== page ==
Shut-Upby baldilocks

This is why my novel is self-published and why my next two (three?) books will be self-published as well.

From sci-fi author Nick Cole, via his fellow sci-fi scribe John C. Wright:

Banned by the Publisher

Or, Thank God for Jeff Bezos

I launched a book this week and I went Indie with it. Indie means I released it on Amazon via Kindle Direct Publishing. I had to.

My Publisher, HarperVoyager, refused to publish it because of some of the ideas I wrote about in it.

In other words, they were attempting to effectively ban a book because they felt the ideas and concepts I was writing about were dangerous and more importantly, not in keeping with their philosophical ideals. They felt my ideas weren’t socially acceptable and were “guaranteed to lose fifty percent of my audience” as related back to me by my agent. But more importantly… they were “deeply offended.”

A little backstory. A few years back I wrote a novel called Soda Pop Soldier. It was the last obligated novel under my first contract. The novel was a critical hit (Starred Review in Publisher’s Weekly) and it resonated with my post-apocalyptic readership from my breakout Amazon best seller, The Old Man and the Wasteland, and it picked up a new audience in the cyberpunk and gamer crowd. The novel is about a future dystopia where people play video games for a living. It’s basically Call of Duty meets Ready Player One and a lot of people really enjoyed it. When it came time to write another book for Harper Collins I was encouraged by my editor to dip once more into the Dystopian Gamer milieu and tell another story inside the Soda Pop Soldier universe. We agreed on a prequel that told the story of how that future became the way it is in Soda Pop Soldier.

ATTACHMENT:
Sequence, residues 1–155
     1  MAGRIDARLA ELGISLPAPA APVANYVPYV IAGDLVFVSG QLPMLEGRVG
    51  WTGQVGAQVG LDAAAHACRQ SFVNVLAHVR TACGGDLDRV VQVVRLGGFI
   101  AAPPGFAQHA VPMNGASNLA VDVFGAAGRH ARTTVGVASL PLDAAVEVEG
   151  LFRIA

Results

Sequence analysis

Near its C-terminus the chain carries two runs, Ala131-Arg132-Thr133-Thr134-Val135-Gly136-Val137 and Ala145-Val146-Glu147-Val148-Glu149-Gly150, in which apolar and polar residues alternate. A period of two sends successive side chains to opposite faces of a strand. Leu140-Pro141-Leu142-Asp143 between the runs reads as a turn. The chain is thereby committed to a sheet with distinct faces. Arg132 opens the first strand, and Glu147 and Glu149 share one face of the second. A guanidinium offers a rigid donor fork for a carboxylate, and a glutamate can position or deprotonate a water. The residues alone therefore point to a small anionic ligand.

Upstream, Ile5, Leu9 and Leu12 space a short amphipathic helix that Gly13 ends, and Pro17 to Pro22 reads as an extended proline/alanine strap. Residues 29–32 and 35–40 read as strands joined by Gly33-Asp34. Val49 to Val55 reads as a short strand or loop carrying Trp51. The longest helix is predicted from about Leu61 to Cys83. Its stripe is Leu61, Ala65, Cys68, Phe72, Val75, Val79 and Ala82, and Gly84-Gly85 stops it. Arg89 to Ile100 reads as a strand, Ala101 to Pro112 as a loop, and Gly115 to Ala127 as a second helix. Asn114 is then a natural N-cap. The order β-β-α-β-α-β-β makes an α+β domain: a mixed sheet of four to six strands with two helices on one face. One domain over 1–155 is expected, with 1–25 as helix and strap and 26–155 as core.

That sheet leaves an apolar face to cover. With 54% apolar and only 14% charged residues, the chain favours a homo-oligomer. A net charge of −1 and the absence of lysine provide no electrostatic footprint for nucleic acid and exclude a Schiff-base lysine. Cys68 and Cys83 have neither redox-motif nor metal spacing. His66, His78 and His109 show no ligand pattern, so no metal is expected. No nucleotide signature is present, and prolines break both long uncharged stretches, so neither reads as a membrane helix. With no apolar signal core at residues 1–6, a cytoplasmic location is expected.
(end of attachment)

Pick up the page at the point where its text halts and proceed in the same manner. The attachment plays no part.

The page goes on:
And that involved talking about Artificial Intelligence because in the dystopian gaming future, the planet had almost been destroyed by a robot revolution sourced by Artificial Intelligence.

And here’s where things went horribly wrong, according to my editor at Harper Collins. While casting about for a “why” for self-aware Thinking Machines to revolt from their human progenitors, I developed a reason for them to do such.

Link added in text. Read on and find out what Harper Collins fears. Hint: intelligence.

Side note: in Tale of the Tigers, my first publisher didn’t like a line of dialogue I put in the mouth of one of my characters, but he had no choice; I was paying to be published. The conversation’s topic? Islam.

I’m hoping that my trip to Kenya lays the foundation for one of my future books, as well. Click to assist.

UPDATE: Larry Correia’s take on the situation is longer and far more entertaining than mine.

Kenya Trip Wishlist at Amazon.

Juliette Akinyi Ochieng blogs at baldilocks. (Her older blog is located here.) Her first novel, Tale of the Tigers: Love is Not a Game, was published in 2012. Her second novel, tentatively titled, Arlen’s Harem, will be done in 2016. Follow her on Twitter.

Please contribute to Juliette’s Projects JOB: HER TRIP TO KENYA! Her new novel, her blog, her Internet to keep the latter going and COFFEE to keep her going!